From the standpoint of an adoptive couple, doulas also provide several key benefits.  Doulas assist the adoptive couple by letting them know specific ways they can help their birth mom.  Doulas also arrange and coordinate the presence of the adoptive couple at the birth of their adoptive son or daughter, making it less stressful on the birth mom.
In other words, everybody at CPO benefits from having a doula present at birth.

The CPO Doulas

A huge thanks to Alaina Butler of Inspired Life Photos for getting our busy and beautiful doulas in one place and taking these gorgeous photos of them!

Three Good Reasons: A Birth Mom’s Story of Healing

Written by Amie Vetscher, this is the third in a series of articles about CPO’s recent Waiting Families Workshop. Click here for the first installment, here for the second installment, and here for the fourth installment.

Amanda didn’t want to be a drug addict. She didn’t like the kind of person she was when she was using. “You wouldn’t want to be around me when I was on drugs,” Amanda divulged to a group of adoptive families about her journey as a CPO birth mom. She knew this to be true because even those closest to her were unable to tolerate Amanda’s behaviors. Her addiction created danger and pain that drove a wedge between herself and others. I and the other families listening to Amanda’s story learned that even a year after emerging from the dark valley of addiction, Amanda was homeless, alone, and—pregnant.

Amanda didn’t turn to CPO for assistance with her pregnancy right away; she thought about all the options, including the choice that would have terminated her pregnancy and denied her of the incredible healing and bonding which came about when she sought help from CPO. “I was accepted and loved since the moment I walked into CPO,” Amanda explained. “I didn’t know what was going to happen to me each day, but I knew if I picked up the phone and called someone at CPO, someone would talk to me until the phone died.”

Surrounded by unconditional love and consistent support, Amanda began to make choices for herself and her baby. She accepted encouragement that led her to receive many of CPO’s generous services, and she made an adoption plan for her unborn baby girl. Pivotally, she allowed Rhonda and Jarad, the couple with whom she chose to place her baby, into her life. They both, but especially Rhonda, shared in her struggles, her recovery; they understood her choices, her intentions. “She’s like the sister I never had,” Amanda shared about Rhonda. Amanda sees Milly (age 9 months) regularly. The vitality and goodness of Rhonda and Amanda’s bond is evident. There is a mutual admiration and respect that is so profound. As a waiting mother hearing Amanda’s incredible journey for the first time, I am filled with appreciation for the courage and transparency Amanda sustained in order to tell her story. Our hearts were moved by this witness to the strength of God’s hand to forge these crucial bonds and Amanda’s strong resolve to continue to make positive changes in her life.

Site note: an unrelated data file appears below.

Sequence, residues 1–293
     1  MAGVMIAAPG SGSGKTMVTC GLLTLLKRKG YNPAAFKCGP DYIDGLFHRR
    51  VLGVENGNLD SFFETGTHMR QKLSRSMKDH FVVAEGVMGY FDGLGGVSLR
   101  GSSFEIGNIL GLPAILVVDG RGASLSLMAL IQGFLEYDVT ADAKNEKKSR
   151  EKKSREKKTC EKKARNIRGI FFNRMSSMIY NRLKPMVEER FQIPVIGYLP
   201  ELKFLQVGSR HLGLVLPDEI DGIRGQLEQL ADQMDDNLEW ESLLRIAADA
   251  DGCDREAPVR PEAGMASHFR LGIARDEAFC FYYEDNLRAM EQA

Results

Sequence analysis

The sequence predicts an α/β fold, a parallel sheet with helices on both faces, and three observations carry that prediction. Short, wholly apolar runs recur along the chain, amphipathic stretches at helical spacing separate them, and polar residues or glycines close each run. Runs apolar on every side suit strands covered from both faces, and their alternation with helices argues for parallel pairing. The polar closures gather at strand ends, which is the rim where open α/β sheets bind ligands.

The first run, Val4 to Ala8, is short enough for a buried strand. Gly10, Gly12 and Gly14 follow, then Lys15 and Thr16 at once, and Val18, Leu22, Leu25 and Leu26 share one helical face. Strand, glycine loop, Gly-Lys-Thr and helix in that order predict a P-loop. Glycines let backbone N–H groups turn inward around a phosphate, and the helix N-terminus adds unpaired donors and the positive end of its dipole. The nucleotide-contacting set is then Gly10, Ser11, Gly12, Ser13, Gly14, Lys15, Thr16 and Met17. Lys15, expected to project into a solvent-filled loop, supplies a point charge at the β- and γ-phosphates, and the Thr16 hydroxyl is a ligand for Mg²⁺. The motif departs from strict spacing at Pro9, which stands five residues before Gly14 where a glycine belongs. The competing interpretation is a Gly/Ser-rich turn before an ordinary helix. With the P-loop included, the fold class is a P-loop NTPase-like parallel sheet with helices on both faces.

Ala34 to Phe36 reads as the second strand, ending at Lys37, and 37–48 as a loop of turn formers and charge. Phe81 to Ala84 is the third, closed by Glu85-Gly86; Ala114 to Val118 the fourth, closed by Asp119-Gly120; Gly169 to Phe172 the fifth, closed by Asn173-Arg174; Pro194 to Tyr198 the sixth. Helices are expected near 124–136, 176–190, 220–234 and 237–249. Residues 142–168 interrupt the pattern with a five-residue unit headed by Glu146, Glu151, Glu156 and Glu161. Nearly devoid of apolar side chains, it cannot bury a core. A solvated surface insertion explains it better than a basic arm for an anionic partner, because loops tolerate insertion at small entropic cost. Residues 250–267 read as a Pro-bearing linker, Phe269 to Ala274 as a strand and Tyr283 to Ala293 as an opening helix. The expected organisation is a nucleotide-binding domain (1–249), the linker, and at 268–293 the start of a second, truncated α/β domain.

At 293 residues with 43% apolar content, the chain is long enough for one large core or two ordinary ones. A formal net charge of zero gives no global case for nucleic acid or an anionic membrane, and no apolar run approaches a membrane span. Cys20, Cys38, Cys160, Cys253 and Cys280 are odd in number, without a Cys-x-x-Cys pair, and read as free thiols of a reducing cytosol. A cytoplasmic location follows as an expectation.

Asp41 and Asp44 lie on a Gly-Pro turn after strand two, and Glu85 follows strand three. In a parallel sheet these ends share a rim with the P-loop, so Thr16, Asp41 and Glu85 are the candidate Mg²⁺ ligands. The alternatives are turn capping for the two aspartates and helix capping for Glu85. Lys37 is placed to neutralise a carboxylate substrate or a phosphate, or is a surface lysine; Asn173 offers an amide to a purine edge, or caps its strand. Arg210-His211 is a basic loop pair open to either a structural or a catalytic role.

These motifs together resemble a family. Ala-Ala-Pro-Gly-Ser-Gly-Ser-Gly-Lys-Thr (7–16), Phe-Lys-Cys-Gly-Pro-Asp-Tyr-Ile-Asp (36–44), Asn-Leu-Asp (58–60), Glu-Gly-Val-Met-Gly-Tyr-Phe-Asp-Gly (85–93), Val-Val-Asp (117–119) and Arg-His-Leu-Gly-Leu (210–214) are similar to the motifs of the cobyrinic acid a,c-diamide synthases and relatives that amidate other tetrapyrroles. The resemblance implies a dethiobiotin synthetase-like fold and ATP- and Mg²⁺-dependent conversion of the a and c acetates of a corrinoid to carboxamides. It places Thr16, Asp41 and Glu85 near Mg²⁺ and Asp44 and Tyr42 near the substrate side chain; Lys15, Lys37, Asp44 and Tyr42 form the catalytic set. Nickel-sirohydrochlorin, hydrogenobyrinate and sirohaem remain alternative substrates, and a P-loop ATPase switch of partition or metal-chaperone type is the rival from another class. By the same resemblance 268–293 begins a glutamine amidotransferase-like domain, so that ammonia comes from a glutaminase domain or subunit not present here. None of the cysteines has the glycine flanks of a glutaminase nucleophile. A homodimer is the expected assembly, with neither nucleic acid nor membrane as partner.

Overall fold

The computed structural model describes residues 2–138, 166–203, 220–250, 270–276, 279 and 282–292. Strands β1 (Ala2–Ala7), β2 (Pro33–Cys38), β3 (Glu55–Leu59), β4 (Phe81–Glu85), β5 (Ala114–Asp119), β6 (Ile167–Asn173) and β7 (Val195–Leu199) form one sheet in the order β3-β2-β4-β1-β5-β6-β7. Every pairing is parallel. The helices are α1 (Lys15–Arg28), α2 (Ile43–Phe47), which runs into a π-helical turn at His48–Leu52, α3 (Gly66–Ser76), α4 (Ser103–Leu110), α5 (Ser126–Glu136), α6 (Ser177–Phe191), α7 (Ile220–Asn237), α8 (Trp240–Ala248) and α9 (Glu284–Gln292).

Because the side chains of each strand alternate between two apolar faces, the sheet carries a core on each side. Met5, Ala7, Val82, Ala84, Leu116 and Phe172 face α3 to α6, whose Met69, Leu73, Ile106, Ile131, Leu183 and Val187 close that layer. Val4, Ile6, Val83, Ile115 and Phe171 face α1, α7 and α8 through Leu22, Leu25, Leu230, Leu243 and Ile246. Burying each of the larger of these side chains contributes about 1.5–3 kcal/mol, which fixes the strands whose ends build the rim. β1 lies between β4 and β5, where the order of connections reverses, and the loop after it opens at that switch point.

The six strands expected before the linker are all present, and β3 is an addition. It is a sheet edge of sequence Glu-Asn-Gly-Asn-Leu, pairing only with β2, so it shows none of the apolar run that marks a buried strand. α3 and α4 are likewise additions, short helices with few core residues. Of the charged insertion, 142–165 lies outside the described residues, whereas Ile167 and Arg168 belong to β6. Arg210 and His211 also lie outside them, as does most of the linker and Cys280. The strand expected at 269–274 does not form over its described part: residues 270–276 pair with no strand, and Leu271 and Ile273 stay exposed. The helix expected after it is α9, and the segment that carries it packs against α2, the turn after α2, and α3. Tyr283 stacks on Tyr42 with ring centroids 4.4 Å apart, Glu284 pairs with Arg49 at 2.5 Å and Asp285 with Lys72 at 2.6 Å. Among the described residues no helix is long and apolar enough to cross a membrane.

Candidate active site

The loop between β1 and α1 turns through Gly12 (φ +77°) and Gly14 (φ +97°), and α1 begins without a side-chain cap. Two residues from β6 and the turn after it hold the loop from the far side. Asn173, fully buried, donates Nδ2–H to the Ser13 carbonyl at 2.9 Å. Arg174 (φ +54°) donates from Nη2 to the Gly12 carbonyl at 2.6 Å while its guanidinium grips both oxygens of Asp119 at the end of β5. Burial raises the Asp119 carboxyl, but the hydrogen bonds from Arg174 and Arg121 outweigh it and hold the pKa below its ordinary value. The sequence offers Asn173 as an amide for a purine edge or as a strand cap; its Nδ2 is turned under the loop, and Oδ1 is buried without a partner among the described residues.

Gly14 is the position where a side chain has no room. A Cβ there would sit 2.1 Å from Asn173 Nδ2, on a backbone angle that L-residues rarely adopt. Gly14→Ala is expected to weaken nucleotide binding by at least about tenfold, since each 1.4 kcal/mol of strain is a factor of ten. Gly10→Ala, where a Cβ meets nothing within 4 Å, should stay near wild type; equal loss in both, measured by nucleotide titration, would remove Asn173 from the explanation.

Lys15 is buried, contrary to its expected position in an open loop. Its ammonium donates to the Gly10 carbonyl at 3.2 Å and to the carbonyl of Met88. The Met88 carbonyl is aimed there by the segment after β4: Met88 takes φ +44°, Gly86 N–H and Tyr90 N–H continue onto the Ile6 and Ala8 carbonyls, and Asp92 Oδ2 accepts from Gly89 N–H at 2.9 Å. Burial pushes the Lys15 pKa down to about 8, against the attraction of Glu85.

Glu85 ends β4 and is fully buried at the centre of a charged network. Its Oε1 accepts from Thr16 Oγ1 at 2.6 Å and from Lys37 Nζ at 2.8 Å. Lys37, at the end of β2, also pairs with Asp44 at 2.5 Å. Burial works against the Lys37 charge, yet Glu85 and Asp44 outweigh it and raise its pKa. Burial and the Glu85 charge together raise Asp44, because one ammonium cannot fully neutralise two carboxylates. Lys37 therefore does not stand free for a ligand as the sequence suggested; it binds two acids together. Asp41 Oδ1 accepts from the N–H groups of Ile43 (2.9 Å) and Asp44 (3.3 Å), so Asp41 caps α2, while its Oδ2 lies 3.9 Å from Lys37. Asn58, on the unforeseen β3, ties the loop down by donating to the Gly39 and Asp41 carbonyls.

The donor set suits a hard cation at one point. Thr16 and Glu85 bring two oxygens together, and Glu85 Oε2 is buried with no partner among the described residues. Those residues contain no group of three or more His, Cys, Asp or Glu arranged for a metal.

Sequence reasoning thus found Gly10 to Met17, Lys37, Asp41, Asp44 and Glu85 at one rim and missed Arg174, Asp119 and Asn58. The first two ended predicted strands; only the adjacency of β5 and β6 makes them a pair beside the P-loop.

Precious Milly is reason enough, Amanda explains. “They (Rhonda and Jarad) are two more reasons why I should never do drugs again. I want them in my life.”


Image used with permission.

Liquid Gold: Nursing and Nourishing the Adopted Baby Through Breast Milk

Written by Amie Vetscher, this is the second in a series of articles about CPO’s recent Waiting Families Workshop. Click here for the first installment, here for the third installment, and here for the fourth installment.

When it comes to cooking up the best nutrition for the adopted infant, CPO adoptive moms Melissa Sprangle and Madison Vining are culinary extraordinaires. For adoptive parents, getting their hands on this liquid gold, human breastmilk that is, takes quite a bit more resourcefulness and creativity. But where there is a mother’s great love for her precious little one, there is also great determination. To these moms, there is a vast difference between feeding and nourishing; babies who grow and the ones who thrive. Human milk is that difference. From inducing lactation and supplementing milk from the breast with a Lact-Aid system, Melissa shared helpful advice with waiting moms at the Waiting Family Workshop last month.  Madison, who also presented at WFW, is an expert at navigating social media platforms, such as “Eats on Feets” or “Human Milk 4 Human Babies,” which connect women who are pumping extra milk with babies in need. At the WFW, Madison shared her story and spoke of the relationships she has built with these women whose generous spirit makes it possible for another infant in their community to get a great nutritional start in life.